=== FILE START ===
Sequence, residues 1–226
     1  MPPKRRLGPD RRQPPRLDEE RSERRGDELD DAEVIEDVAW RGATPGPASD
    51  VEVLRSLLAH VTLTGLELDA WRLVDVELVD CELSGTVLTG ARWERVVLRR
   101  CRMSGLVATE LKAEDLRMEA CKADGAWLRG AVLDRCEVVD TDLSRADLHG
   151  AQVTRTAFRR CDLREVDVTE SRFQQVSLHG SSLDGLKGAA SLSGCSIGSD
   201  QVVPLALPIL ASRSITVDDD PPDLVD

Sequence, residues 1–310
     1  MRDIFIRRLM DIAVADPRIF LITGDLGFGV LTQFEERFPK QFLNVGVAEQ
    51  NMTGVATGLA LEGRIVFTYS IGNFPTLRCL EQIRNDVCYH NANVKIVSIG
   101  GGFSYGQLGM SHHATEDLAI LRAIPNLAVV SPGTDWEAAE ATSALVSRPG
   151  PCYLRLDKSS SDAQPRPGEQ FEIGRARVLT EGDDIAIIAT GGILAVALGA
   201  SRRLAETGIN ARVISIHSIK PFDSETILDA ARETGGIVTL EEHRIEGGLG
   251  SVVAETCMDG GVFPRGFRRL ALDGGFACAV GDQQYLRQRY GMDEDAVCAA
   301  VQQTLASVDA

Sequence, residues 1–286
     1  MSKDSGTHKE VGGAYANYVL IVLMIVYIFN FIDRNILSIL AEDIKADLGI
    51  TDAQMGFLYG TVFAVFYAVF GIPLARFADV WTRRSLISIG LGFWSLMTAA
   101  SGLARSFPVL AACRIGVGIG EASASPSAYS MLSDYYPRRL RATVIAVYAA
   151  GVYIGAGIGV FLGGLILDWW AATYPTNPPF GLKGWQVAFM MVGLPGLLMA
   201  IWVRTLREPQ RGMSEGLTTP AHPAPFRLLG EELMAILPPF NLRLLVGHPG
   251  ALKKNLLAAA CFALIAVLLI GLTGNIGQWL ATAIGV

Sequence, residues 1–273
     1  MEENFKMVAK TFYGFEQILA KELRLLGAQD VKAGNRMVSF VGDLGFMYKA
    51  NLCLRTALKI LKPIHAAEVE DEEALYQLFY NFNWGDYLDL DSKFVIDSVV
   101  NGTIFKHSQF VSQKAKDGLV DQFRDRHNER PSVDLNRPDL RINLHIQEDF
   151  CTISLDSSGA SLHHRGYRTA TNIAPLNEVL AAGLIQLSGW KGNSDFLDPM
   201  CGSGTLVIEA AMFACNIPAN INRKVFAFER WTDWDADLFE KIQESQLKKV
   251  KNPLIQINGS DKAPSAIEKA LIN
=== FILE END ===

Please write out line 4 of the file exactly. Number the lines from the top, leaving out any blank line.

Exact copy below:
   101  CRMSGLVATE LKAEDLRMEA CKADGAWLRG AVLDRCEVVD TDLSRADLHG